From the perspective of European law, civil procedure was long regarded as a natural domain of national law. While the rules on jurisdiction (jurisdiction (PIL)) and recognition and enforcement in cross-border disputes (recognition and enforcement of foreign judgments) had early on been unified by the Brussels Convention (Brussels I Reg), the procedural autonomy of the Member States remained otherwise intact, in particular in civil matters. However, starting in the 1990s, national procedure became increasingly influenced by European law, with the impetus observed in three main areas. The first impetus concerns the primary law of the EU, in particular the EU Treaty and the Treaty on the Functioning of the European Union (see 2. a) below). While the market freedoms (fundamental freedoms (general principles)) and the prohibition of discrimination on grounds of nationality (discrimination (general)) (Art 18 TFEU/12 EC) have had only little impact on national procedural law, potentially more far-reaching consequences may flow from the Member States’ obligation to provide remedies sufficient to ensure effective legal protection in the fields covered by EU law (Arts 4(3), 19(1)3 TEU, principle of effectiveness) and to guarantee the judicial rights enshrined in Art 6 ECHR and in Art 47 EU Charter of Fundamental Rights (ChFR) (fair trial). A second impetus results from the regulations and directives promulgated by the EU on the basis of Arts 67, 81(2) TFEU/61, 65 EC which create a European law of international civil procedure for matters having cross-border implications, ousting national law to a large extent (see 2. b) below). Finally, an increasing number of directives and regulations with the purpose of substantive law harmonization (Art 114 TFEU/95 EC) include annex provisions of procedural content, thus leading to the possibility of sector-specific European rules of procedure for specific fields such as intellectual property, competition or consumer law (see 2. c) below).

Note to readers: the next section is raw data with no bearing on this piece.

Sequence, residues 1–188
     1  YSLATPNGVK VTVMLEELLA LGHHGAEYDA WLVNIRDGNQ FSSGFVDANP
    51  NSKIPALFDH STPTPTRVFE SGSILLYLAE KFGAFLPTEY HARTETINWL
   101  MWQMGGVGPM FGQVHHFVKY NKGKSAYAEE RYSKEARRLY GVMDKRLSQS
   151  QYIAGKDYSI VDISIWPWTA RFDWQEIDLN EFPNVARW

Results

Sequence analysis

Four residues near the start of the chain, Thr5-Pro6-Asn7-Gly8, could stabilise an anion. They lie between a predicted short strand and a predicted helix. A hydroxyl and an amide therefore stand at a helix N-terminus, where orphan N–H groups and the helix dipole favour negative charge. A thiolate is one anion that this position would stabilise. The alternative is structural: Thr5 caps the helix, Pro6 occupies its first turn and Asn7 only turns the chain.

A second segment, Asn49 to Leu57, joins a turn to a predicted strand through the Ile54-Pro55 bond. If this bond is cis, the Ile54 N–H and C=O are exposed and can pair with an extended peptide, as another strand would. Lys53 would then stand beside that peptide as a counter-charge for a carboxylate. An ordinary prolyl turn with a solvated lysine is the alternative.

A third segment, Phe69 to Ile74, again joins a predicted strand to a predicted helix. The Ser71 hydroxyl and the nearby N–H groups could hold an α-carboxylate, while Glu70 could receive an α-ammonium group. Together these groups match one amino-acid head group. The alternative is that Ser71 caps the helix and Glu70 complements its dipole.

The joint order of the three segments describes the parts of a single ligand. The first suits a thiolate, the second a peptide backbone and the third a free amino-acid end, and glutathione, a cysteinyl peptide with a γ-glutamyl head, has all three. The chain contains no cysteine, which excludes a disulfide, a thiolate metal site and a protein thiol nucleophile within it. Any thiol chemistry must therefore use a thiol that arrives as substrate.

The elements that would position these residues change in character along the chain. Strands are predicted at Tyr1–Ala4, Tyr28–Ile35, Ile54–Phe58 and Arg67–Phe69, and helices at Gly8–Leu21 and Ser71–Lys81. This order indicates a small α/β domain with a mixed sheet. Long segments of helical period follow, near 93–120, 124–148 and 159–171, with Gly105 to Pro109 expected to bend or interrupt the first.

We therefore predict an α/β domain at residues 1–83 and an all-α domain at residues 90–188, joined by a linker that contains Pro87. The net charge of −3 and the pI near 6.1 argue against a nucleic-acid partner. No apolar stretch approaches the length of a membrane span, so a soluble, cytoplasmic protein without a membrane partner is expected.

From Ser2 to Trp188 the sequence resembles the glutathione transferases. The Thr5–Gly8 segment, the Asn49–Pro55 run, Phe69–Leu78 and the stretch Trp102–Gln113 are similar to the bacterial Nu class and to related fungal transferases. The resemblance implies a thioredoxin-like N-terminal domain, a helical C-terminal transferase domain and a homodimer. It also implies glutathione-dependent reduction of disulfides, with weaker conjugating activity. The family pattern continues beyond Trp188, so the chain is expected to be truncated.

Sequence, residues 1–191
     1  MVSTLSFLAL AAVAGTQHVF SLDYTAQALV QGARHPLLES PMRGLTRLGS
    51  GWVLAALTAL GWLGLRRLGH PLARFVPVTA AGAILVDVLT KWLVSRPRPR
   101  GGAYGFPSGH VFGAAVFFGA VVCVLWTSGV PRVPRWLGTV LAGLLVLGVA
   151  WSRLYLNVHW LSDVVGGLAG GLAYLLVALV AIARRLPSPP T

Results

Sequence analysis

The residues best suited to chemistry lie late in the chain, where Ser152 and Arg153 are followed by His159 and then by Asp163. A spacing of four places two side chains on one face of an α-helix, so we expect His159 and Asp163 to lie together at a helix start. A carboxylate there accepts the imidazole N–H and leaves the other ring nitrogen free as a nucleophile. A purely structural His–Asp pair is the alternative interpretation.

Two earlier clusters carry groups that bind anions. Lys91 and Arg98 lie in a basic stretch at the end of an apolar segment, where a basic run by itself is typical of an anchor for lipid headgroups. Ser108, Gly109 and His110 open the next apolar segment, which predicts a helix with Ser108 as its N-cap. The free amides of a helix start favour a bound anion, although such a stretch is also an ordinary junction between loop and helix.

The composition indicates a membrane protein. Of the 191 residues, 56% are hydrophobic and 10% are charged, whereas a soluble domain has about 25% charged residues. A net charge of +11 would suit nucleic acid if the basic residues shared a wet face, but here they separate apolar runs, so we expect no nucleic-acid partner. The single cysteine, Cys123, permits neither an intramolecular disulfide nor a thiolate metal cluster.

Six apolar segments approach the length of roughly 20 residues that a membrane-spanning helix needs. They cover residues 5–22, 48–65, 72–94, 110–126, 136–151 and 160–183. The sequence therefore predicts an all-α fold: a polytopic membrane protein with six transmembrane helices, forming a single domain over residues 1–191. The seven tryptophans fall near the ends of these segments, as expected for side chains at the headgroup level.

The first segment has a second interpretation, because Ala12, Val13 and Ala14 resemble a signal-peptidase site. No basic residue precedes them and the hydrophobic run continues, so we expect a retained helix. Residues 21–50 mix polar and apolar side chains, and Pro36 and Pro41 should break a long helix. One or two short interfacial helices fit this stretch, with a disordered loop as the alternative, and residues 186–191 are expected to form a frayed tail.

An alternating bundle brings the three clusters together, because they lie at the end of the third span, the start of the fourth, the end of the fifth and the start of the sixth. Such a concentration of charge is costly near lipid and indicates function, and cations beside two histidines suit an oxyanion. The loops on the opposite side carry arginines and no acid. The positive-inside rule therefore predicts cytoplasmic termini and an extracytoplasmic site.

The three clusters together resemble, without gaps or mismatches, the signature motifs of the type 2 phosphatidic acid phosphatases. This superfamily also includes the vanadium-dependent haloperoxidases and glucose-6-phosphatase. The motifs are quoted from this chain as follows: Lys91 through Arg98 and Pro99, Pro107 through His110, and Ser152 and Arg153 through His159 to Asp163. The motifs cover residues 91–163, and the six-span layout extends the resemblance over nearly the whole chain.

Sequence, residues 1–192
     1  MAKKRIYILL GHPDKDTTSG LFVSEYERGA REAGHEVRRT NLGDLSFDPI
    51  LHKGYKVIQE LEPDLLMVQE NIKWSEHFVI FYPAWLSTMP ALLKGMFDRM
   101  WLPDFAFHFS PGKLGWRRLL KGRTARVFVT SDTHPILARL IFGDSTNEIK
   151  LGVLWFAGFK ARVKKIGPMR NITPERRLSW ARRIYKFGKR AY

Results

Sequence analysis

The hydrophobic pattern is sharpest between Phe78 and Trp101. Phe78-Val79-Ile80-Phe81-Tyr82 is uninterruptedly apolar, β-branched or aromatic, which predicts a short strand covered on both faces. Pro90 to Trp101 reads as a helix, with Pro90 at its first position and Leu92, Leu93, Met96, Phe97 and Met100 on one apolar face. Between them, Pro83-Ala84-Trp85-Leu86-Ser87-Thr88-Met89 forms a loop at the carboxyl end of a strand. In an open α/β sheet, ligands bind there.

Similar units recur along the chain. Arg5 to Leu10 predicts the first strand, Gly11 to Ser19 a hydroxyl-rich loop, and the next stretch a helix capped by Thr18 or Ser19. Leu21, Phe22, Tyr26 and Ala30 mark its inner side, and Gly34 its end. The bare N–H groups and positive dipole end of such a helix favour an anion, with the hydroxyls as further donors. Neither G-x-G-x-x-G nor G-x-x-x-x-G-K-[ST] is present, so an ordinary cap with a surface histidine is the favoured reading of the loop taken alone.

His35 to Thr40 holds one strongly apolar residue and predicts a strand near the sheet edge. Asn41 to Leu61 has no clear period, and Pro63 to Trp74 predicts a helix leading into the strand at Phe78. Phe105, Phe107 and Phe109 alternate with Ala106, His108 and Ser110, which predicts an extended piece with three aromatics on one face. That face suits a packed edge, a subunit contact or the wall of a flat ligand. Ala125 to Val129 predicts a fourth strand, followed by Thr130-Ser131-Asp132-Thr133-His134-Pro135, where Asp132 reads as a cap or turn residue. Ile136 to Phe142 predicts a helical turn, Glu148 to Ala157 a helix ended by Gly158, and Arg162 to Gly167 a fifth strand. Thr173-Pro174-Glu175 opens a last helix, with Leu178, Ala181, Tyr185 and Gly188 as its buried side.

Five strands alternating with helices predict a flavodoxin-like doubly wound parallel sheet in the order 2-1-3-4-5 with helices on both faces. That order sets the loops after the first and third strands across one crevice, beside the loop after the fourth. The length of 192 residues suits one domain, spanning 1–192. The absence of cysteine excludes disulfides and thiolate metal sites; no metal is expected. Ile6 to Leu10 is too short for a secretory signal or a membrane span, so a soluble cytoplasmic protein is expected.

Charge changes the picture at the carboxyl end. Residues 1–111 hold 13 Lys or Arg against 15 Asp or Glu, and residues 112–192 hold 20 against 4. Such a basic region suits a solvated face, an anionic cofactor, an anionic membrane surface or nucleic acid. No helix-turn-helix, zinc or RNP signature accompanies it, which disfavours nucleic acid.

2. Contours of EU law